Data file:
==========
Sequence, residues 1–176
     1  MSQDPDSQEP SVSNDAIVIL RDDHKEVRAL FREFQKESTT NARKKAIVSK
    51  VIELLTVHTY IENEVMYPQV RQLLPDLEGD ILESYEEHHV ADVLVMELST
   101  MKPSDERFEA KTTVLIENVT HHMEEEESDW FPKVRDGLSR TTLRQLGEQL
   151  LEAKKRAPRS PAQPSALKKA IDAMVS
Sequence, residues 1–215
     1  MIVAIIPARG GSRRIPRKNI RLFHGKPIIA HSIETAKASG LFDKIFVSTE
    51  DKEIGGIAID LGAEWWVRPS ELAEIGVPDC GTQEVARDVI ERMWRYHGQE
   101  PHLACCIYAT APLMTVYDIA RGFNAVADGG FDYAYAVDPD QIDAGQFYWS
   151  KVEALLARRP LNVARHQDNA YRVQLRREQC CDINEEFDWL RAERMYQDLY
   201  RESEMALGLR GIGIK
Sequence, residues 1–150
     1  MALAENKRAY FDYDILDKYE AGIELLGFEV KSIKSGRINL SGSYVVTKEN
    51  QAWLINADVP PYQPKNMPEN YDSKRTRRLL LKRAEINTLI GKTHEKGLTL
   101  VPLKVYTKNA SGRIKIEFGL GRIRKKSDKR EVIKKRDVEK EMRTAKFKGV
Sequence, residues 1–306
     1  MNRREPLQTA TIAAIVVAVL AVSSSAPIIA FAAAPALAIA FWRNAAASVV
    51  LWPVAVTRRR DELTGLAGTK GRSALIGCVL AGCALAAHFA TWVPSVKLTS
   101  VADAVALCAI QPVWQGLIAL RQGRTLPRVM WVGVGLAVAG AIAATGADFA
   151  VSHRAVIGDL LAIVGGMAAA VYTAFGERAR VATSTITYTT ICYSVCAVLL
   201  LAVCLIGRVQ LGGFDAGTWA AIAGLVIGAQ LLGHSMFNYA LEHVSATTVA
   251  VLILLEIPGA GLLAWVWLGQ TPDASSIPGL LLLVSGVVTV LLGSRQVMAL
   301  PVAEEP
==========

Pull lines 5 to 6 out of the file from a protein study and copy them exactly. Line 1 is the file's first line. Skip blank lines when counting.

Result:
   151  LEAKKRAPRS PAQPSALKKA IDAMVS
Sequence, residues 1–215